Friday, May 22, 2009

Turning Off the Visuals


Recording and mixing a song on a computer has many distinct advantages over doing the same on hardware, but perhaps the most useful advantage is how much visual feedback it allows us. We can literally see the structure of our song laid out in front of us. We can see where each of our channels is peaking. We can quickly and easily see what effects and patched to what tracks. You get the idea...

But sometimes this visual feedback has a downside when you're mixing. It becomes very easy to start making adjustments to your mix using your eyes rather than your ears. Relying too heavily on what the meters read versus just setting what sounds good is a common problem and can complicate the mixing process needlessly.

That's why I recommend, when you're giving a first listen to a mix you've set up, you turn off your computer monitor. Or simply turn you chair around. Or close your eyes. The important thing is that you listen instead of watch. You'd be amazed at how differently you will hear your music when you detatch it from the visual distractions DAWs can sometimes cause.

Do you have any unique ways of evaluating your mixes that others might find useful? Let us know!

10 comments:

Rendom said...

Great tip. I sometime catch myself that i associate my music not with the feelings, but with song structure i see in my DAW.
May i ask you?
Can you explain more about panning instruments in future posts(what vst you use for that, and so on), this Achilles' heel for me(
Thanks for great blog and great music.

kleer001 said...

I find it serves the song best to listen to it on as many sound systems as possible. Crappy boom box, car, cd in a decent stereo, on headphones, on my cell phone. Back in the day I would cut out tracks to audio tape and listen to them on the way to school.
The thing is to mix it up as much as possible.

John said...

I copy a version onto my ipod, usually set to apple lossless, and listen on the tram to work...

Will C. said...

I don't actually turn off the monitor when I listen to a track, but I do turn away from the monitor. Seeing the DAW going measure after measure makes it too easy to listen to hear what the visual cues indicate rather than hearing what's actually there.

mangadrive said...

Sonar uses a fullscreen mixer and it overlays the tracking, but by the time my production is done I know the song all to well. Meter output is important to me after a lot of referencing and the fact that my studio room is pretty open and dampened. Not much I can do about that right now, but I do not take the meters as end all of judgment. Its a REFERENCE point to start with. Ears make the final call.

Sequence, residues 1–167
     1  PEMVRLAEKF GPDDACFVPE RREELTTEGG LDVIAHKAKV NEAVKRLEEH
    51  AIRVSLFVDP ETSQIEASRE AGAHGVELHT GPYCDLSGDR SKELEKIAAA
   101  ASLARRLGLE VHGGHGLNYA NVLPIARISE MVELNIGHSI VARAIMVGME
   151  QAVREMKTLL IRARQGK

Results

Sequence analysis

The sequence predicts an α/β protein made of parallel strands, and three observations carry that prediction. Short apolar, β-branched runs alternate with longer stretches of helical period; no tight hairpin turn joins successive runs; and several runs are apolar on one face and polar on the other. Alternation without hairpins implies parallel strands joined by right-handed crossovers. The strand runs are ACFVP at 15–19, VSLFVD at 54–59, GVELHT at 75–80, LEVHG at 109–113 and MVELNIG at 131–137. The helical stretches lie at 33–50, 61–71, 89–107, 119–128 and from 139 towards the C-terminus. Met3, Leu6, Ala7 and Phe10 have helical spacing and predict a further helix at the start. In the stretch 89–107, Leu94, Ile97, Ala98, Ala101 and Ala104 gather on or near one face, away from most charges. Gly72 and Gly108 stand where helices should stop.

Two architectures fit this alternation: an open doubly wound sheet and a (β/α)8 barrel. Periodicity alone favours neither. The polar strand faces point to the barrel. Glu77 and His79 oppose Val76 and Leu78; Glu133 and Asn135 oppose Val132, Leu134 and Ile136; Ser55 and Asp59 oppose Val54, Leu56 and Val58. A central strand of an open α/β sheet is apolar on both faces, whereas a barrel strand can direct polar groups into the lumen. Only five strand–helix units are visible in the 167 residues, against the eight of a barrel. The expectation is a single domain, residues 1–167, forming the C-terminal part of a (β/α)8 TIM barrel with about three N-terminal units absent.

I turn the master output going to the monitors down to almost whisper level and start mixing from there. If you can hear and make things punchy at that level,when you turn it up its going to sound immense. The whole time I'm mixing I'm turning this fader up and down and I *never* mix at more than conversation level. Once the mix is somewhat 'final' I will then take it to other systems and listen, but from using a lot of reference I'm pretty comfortable with my monitoring.

If you want the best tip in the world for panning instruments its called mono. Sounds insane right because the right and left arent there? Wrong ;) Try it sometime. You can hear things literally pop out in a mix with just a few degrees adjustment. I also punch into mono at different points in the mix *ESPECIALLY* after I have the drums finished.

I usually walk into the next room and listen from there. Your perspective at 15 foot away and through a wall/door allows you to hear things differently. I almost always mix in my bass at this range because point blank on the monitors with sub levels is a bit deceptive and often feels too much or not near enough initially.

Tom said...

Rendom - Do you mean like auto-panning and the like? For that I use Logic's tremelo plug-in set to less extreme values. Works great! Outside of that, I do my panning using the mixer controls in Logic.

And Mangadrive is correct. If you want true panning, the channel ought to be in mono. When you mess with panning on a stereo channel, you're not really panning it, you're adjusting the right and left balance. What's on the left stays on the left, and what's on the right stays on the right, you're just making one side louder and the other quieter. There ARE true stereo panners, though, such as Logic's directional mixer.

XET said...

i always dump my stuff to my ipod and listen to it in the car on the way to and from work. i've always struggled with arrangement and this helps me immensely.

mangadrive said...

Another very wacky thing I do is use the game Audiosurf to 'evaluate' tracks.

http://www.audio-surf.com/

its the best 10 dollars I've ever spent on a studio tool. If your track is boring and less dynamic than most this game will actually SHOW you. Very hard to explain and will not be everyones cup of tea, but for the guy doing energetic techno.. its done wonders with the newer album cuts.

Rendom said...

When i say "panning instrument" i mean place instrument in stereo image) sorry for misguiding.
some instruments good when they sound from center of stereo image(duno what name will be right for this) example "kick drum".
Right now many of my tracks sound too messy, i think because instruments overlapping each other in stereo image(maybe panorama is good word). After some research i found Nugen Stereoizer, Stereoplacer vst, is what i'm looking for to fix this.
Maybe you can share some secrets or basics about placing instruments in stereo image.

Tom said...

Rendom - Gotcha. I'll see if I can write something up for this next week.